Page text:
4.5 / 5
Comedy guru Adam McKay’s latest, The Big Short, features one of the most star-studded cast this year has seen: Ryan Gosling, Christian Bale, Steve Carell and Brad Pitt. It’s an immense group of good-looking gents and the film knows it. So much, in fact, that the marketing team has gone far enough to plaster their faces in one awkwardly unoriginal poster.
But, minor nitpick aside, McKay has given us his best work yet. The Big Short is a near-perfect merger of comedy, tension and drama, utilizing all of its talent without the excessive bombastry or humility.
Based on the novel by Michael Lewis, McKay’s screenplay documents the actions of the four men who predicted the housing bubble collapse that threw America to the ground. And with its mockumentary-like camerawork, The Big Short chronicles its turn of events with such style and aplomb that it’s almost as expressive as the headpieces.
But not nearly as much as its characters. With all the financial jargon and mumbo jumbo, McKay’s been so kind as to allow some of his characters to occasionally break the fourth wall — the “show and tell” anti-thesis to filmmaking’s number one rule about exposition. Gosling’s Jared Vennett — the most Wall Street buff of the bunch — acts as our primary mediator, smoothly explaining to us what a CDO is before passing the torch to celebrity faces like Selena Gomez or Margot Robbie.
The latter, solely dressed in bubbles in a hot tub, takes a minute to talk to the camera about sub-primes and the action of shorting against the market while half of us in the audience stare and don’t give a damn. It’s stylistic moves like these that allow The Big Short to mix the comedy and drama without being an exact duplicate of its raunchier, edgier big brother: Martin Scorsese’s The Wolf of Wall Street.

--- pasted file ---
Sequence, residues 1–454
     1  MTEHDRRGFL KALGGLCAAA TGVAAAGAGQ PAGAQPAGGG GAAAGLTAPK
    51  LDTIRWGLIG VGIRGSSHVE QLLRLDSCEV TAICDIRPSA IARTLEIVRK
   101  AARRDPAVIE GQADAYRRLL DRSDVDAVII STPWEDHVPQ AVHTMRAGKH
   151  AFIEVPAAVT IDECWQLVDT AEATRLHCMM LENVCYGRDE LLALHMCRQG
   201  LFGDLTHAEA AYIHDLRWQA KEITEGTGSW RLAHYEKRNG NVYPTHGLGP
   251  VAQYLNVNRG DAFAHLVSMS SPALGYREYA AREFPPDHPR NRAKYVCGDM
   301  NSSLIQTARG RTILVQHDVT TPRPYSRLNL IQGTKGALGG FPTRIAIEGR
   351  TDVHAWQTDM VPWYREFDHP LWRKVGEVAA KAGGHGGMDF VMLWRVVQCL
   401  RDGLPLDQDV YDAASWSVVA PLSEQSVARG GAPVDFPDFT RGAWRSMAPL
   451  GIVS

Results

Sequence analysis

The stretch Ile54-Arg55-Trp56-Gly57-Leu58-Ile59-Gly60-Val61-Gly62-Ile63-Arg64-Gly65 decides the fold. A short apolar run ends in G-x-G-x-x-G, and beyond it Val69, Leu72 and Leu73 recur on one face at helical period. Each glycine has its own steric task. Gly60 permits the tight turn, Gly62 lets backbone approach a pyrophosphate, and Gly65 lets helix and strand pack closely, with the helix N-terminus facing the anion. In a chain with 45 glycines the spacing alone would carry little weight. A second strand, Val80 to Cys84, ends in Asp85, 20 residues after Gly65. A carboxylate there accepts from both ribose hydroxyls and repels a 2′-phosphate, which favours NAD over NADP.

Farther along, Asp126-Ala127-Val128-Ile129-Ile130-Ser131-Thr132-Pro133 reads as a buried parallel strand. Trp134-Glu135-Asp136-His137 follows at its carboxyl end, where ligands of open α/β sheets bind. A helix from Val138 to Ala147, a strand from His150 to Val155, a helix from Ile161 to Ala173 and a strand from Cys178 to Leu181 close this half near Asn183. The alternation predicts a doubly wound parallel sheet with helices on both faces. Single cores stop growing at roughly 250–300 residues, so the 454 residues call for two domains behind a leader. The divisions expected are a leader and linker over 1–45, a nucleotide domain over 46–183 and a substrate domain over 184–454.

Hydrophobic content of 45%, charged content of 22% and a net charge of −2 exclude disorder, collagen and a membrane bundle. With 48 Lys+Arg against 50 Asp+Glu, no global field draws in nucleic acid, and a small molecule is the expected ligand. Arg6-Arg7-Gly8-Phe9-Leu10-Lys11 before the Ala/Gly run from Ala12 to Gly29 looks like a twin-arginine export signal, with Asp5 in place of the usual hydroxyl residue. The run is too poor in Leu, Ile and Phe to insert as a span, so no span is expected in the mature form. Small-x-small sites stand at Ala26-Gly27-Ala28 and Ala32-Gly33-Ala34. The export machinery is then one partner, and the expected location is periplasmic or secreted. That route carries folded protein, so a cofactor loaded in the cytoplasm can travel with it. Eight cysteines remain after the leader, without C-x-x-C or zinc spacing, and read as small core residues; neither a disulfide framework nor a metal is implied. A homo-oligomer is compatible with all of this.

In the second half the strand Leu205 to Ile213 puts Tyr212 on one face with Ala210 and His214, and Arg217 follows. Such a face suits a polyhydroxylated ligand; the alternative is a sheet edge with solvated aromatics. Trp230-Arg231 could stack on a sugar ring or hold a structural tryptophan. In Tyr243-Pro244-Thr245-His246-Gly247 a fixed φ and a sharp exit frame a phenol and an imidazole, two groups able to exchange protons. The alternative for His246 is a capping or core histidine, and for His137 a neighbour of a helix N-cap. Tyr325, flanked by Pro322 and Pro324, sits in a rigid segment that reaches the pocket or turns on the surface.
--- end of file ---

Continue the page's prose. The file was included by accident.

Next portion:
What The Big Short does differently, however, is tell a story about real American tragedy. Perhaps one of the only mishap is the fact that not until the third act do you realize the film’s protagonists are almost no better than the bigwigs they’re trying to cheat and expose.
They all bet against the big banks and have the possibility of earning tens of millions of dollars if their predictions come to fruition. McKay’s screenplay paints them with distinguishable characteristics that have us rooting for them despite their hypocritical intentions.
The Big Short is all fun and games until we start to realize that, if they’re right about the housing bubble, it’s not the big banks that’ll suffer, not the deceptive crooks who run them but the common taxpayers and citizens of the nation. Just like our anti-heroes, as we start to slowly approach the big payoff, the tombstone-heavy weight of reality takes over and tells us this was no joke.
With career-best performances from McKay and his cast, especially Carell, The Big Short tells its story with impeccable comedic timing and a heartbreaking reminder of the American dream and the price that comes with it — clearly hidden within the fine print of course.